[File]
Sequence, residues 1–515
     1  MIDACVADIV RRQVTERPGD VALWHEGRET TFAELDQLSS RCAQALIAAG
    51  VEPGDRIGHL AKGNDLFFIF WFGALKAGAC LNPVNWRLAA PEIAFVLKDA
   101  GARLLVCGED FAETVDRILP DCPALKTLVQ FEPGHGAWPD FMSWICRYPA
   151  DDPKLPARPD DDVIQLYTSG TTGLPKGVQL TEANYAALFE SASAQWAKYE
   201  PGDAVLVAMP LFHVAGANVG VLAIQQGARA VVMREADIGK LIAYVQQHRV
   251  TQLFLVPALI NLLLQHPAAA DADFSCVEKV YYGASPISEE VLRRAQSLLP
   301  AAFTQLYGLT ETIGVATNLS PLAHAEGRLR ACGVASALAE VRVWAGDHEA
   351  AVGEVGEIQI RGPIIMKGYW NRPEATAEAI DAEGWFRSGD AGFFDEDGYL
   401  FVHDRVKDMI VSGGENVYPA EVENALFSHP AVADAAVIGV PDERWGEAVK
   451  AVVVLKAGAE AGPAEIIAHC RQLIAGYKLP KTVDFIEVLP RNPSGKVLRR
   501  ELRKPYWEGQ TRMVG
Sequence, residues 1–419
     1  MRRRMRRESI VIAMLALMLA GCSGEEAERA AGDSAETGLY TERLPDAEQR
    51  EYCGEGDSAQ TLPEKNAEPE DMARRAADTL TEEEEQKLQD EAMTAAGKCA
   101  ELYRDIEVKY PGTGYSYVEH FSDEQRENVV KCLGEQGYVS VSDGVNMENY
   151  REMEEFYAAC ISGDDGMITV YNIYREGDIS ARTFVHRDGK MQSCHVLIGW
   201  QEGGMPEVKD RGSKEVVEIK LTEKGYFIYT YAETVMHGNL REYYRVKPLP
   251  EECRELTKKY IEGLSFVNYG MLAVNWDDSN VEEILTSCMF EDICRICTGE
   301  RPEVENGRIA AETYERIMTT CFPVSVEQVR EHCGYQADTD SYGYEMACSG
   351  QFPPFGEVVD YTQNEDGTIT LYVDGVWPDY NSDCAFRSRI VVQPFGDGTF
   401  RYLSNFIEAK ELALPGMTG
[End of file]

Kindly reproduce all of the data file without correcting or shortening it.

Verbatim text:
Sequence, residues 1–515
     1  MIDACVADIV RRQVTERPGD VALWHEGRET TFAELDQLSS RCAQALIAAG
    51  VEPGDRIGHL AKGNDLFFIF WFGALKAGAC LNPVNWRLAA PEIAFVLKDA
   101  GARLLVCGED FAETVDRILP DCPALKTLVQ FEPGHGAWPD FMSWICRYPA
   151  DDPKLPARPD DDVIQLYTSG TTGLPKGVQL TEANYAALFE SASAQWAKYE
   201  PGDAVLVAMP LFHVAGANVG VLAIQQGARA VVMREADIGK LIAYVQQHRV
   251  TQLFLVPALI NLLLQHPAAA DADFSCVEKV YYGASPISEE VLRRAQSLLP
   301  AAFTQLYGLT ETIGVATNLS PLAHAEGRLR ACGVASALAE VRVWAGDHEA
   351  AVGEVGEIQI RGPIIMKGYW NRPEATAEAI DAEGWFRSGD AGFFDEDGYL
   401  FVHDRVKDMI VSGGENVYPA EVENALFSHP AVADAAVIGV PDERWGEAVK
   451  AVVVLKAGAE AGPAEIIAHC RQLIAGYKLP KTVDFIEVLP RNPSGKVLRR
   501  ELRKPYWEGQ TRMVG
Sequence, residues 1–419
     1  MRRRMRRESI VIAMLALMLA GCSGEEAERA AGDSAETGLY TERLPDAEQR
    51  EYCGEGDSAQ TLPEKNAEPE DMARRAADTL TEEEEQKLQD EAMTAAGKCA
   101  ELYRDIEVKY PGTGYSYVEH FSDEQRENVV KCLGEQGYVS VSDGVNMENY
   151  REMEEFYAAC ISGDDGMITV YNIYREGDIS ARTFVHRDGK MQSCHVLIGW
   201  QEGGMPEVKD RGSKEVVEIK LTEKGYFIYT YAETVMHGNL REYYRVKPLP
   251  EECRELTKKY IEGLSFVNYG MLAVNWDDSN VEEILTSCMF EDICRICTGE
   301  RPEVENGRIA AETYERIMTT CFPVSVEQVR EHCGYQADTD SYGYEMACSG
   351  QFPPFGEVVD YTQNEDGTIT LYVDGVWPDY NSDCAFRSRI VVQPFGDGTF
   401  RYLSNFIEAK ELALPGMTG